Days After Wisconsin Supreme Court Blocks Stay-At-Home Order, State Has Highest-Ever Coronavirus Increase

People gather in a bar in Wisconsin.
Scott Olson / Getty Images

Just three days after the Wisconsin Supreme Court struck down the governor’s stay-at-home order, the state has registered the largest-ever one-day increase in coronavirus cases.

As the Post Crescent reported, there were more than 500 news cases reported on Saturday, the largest single-day increase in cases since the start of the outbreak. The new cases came from more than 6,000 tests processed, for a positive rate of 8.3 percent. As the report noted, that was up from the average of close to 6 percent in the last six days.

There are now a total of 12,187 positive cases in Wisconsin since the start of the outbreak.

The increase comes days after the state Supreme Court ruled that Governor Tony Evers had overstepped his authority by working with the state Department of Health Services to extend the existing stay-at-home order through May 26. The ruling was met with celebration among many in the Republican-led legislature and residents looking to re-open their businesses and return to work.

As the Washington Post reported, many Wisconsin residents packed restaurants and bars in the hours after the ruling, celebrating the first chance to go out in public and congregate in weeks.

Evers spoke out against the scenes, telling MSNBC’s Ali Velshi that there could be major consequences for the abandonment of social distancing guidelines.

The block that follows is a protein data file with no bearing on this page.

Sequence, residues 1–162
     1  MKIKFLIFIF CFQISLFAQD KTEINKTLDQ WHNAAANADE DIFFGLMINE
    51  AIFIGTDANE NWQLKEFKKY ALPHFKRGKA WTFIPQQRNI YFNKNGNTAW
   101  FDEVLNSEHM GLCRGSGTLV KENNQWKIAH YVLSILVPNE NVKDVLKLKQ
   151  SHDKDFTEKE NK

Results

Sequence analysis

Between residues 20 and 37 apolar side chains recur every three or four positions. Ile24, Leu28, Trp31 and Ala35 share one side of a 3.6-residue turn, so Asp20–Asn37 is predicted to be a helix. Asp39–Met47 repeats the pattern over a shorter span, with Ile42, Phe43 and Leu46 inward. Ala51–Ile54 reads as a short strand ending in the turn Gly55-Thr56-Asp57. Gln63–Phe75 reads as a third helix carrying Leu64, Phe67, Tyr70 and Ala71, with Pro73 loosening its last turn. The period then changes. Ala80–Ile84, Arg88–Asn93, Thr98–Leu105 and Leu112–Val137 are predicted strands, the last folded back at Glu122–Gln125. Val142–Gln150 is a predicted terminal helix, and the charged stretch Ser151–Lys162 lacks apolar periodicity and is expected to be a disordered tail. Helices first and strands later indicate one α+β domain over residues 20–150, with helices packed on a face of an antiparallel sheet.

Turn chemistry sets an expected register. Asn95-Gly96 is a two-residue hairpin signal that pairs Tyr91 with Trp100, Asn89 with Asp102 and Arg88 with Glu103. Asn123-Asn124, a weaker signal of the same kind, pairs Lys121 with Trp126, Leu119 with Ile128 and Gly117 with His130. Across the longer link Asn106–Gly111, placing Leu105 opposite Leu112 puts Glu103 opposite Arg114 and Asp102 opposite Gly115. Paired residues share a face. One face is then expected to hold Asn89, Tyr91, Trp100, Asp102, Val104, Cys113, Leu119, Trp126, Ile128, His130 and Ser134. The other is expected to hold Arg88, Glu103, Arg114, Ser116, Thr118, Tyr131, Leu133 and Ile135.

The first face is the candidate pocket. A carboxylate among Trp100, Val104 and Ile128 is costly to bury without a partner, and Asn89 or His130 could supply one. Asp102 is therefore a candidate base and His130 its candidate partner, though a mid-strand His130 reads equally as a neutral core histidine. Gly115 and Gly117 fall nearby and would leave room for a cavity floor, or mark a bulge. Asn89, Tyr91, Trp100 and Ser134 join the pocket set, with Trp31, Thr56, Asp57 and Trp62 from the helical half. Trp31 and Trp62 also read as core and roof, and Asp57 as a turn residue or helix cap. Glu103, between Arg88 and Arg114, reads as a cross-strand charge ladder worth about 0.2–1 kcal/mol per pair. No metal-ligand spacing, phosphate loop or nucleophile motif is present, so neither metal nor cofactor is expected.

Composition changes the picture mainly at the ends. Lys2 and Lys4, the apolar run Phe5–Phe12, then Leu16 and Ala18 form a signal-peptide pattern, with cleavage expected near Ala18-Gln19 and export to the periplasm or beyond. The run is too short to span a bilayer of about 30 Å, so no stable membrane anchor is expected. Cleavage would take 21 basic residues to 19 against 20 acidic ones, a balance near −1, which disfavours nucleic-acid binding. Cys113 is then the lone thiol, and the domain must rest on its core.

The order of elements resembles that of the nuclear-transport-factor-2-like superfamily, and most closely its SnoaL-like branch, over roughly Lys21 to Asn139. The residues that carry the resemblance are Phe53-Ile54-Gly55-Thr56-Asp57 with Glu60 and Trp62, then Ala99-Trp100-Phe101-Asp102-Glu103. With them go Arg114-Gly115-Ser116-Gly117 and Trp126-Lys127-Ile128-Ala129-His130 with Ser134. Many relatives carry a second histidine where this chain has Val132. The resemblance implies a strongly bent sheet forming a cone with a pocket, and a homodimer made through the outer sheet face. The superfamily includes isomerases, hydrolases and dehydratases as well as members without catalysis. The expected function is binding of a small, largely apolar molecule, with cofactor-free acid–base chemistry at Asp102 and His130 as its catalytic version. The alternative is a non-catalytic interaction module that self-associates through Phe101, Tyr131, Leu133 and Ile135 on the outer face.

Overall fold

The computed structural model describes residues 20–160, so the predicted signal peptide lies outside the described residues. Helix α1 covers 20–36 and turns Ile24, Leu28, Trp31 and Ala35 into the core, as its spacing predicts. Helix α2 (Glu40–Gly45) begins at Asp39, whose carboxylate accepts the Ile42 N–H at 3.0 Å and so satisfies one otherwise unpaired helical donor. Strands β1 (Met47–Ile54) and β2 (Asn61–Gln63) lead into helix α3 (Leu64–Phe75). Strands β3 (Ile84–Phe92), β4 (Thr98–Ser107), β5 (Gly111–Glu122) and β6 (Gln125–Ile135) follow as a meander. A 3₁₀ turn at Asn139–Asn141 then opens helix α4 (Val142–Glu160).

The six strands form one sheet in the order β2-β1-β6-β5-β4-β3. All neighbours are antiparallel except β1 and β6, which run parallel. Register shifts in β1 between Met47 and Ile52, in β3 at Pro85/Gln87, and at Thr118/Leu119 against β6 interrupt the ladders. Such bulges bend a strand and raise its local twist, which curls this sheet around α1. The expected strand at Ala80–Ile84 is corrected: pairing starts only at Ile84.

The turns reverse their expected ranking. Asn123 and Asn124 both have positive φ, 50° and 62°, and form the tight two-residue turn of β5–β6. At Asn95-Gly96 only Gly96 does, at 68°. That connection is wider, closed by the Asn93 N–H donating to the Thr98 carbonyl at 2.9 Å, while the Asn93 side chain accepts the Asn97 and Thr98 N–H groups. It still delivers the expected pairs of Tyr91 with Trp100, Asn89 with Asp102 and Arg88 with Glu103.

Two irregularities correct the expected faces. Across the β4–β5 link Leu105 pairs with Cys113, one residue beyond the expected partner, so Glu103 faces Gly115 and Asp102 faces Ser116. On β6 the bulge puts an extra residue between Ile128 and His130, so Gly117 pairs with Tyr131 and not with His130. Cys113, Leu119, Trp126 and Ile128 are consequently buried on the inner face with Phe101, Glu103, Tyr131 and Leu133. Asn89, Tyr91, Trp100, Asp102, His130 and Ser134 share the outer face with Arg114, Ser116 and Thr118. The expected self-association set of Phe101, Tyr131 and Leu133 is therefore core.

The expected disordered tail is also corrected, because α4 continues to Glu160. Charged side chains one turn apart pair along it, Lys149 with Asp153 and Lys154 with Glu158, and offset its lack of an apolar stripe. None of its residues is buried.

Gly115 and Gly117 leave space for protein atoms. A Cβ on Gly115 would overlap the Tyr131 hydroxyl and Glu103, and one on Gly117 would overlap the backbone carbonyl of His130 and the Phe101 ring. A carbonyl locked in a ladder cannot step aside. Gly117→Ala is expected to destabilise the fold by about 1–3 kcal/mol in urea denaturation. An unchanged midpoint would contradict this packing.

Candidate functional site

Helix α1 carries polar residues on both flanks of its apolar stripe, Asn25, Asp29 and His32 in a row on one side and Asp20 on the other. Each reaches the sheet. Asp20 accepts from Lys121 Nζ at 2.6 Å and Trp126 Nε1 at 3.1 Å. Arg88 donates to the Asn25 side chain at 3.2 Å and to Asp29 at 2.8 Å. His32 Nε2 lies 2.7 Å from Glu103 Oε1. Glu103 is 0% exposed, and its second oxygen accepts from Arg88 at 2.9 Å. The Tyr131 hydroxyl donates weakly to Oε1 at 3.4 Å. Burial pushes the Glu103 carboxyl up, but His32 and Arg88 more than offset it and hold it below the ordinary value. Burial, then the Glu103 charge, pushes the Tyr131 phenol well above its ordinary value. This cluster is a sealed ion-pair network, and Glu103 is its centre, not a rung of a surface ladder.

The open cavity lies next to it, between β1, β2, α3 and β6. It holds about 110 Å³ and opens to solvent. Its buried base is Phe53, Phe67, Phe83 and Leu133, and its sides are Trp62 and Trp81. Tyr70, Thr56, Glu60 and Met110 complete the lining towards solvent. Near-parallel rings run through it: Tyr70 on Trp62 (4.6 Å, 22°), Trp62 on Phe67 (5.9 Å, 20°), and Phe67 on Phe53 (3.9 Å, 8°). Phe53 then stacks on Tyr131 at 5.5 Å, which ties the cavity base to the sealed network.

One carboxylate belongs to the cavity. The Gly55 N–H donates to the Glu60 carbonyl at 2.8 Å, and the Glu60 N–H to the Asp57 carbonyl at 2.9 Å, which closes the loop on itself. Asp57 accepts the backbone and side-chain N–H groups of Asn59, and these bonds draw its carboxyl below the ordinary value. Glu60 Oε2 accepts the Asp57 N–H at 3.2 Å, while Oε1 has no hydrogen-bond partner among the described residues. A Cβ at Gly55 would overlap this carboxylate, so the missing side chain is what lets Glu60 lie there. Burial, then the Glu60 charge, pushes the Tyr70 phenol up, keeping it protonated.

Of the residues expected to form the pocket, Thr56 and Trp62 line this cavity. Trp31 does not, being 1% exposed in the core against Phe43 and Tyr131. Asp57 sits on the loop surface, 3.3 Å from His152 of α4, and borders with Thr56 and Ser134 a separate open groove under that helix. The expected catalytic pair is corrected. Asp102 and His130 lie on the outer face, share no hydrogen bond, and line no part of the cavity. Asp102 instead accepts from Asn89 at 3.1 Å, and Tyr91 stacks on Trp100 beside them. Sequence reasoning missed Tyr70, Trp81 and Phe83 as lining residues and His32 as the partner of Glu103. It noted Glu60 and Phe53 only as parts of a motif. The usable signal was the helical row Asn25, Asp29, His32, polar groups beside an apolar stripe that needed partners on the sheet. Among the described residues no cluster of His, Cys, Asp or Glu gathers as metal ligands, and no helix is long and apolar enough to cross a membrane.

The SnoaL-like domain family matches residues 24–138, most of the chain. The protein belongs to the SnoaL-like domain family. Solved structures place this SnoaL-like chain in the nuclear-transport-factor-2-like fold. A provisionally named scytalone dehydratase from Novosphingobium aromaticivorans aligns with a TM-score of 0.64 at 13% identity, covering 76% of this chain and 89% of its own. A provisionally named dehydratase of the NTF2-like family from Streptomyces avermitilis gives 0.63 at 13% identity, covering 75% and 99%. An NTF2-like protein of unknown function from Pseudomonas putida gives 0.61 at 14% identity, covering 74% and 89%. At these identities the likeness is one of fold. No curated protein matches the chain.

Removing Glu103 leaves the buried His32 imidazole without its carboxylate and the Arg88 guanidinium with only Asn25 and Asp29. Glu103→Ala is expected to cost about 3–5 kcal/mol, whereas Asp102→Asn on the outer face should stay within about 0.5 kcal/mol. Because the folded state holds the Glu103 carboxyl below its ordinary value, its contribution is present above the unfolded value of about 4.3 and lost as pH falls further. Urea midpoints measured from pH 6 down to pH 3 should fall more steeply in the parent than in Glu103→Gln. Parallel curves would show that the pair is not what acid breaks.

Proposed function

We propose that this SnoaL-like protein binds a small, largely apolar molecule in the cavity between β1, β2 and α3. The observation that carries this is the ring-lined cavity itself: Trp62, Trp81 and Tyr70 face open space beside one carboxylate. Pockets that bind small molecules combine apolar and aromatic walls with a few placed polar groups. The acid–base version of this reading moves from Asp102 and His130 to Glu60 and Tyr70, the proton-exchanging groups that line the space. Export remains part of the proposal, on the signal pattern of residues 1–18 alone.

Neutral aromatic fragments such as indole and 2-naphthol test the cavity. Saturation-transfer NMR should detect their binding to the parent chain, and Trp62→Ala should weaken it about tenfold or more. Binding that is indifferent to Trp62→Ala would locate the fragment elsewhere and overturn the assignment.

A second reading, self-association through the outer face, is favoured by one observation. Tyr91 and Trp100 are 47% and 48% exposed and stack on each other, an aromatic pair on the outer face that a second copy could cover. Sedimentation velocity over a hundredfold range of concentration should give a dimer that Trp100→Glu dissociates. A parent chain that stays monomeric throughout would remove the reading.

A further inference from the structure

“We’re the Wild West,” Evers said.

“There are no restrictions at all across the state of Wisconsin. … So at this point in time … there is nothing that’s compelling people to do anything other than having chaos here.”

The increase in coronavirus cases in Wisconsin comes as a number of states are grappling with how to begin lifting stay-at-home orders and allowing businesses to reopen. While a number of states hit hard by the virus have put off widespread openings, others have moved more quickly into allowing non-essential businesses to reopen and letting people congregate again.

Many have taken a regional approach, including New York, where the first parts of the upstate region have started to slowly reopen while the greater New York City area remains under stricter restrictions — and will do so for weeks to come.

The prospect of reopening had drawn controversy in Wisconsin, where there have been a number of protests against the stay-at-home order. The U.S. Supreme Court had stepped into the issue in the past as well, blocking an attempt to extend the date to accept absentee ballots from its elections held in April to keep voters from having to go to the polls.